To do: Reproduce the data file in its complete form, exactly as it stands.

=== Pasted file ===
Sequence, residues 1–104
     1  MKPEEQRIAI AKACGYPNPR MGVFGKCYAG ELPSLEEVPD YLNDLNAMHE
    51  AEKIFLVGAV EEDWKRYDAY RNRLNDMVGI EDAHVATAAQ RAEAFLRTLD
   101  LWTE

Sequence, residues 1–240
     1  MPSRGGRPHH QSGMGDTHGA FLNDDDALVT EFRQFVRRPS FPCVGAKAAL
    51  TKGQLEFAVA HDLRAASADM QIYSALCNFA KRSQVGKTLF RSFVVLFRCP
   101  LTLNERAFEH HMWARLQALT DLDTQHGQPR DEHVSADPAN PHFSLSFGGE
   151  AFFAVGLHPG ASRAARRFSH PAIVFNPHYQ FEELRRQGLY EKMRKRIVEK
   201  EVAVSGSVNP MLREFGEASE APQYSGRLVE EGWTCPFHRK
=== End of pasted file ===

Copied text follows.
Sequence, residues 1–104
     1  MKPEEQRIAI AKACGYPNPR MGVFGKCYAG ELPSLEEVPD YLNDLNAMHE
    51  AEKIFLVGAV EEDWKRYDAY RNRLNDMVGI EDAHVATAAQ RAEAFLRTLD
   101  LWTE

Sequence, residues 1–240
     1  MPSRGGRPHH QSGMGDTHGA FLNDDDALVT EFRQFVRRPS FPCVGAKAAL
    51  TKGQLEFAVA HDLRAASADM QIYSALCNFA KRSQVGKTLF RSFVVLFRCP
   101  LTLNERAFEH HMWARLQALT DLDTQHGQPR DEHVSADPAN PHFSLSFGGE
   151  AFFAVGLHPG ASRAARRFSH PAIVFNPHYQ FEELRRQGLY EKMRKRIVEK
   201  EVAVSGSVNP MLREFGEASE APQYSGRLVE EGWTCPFHRK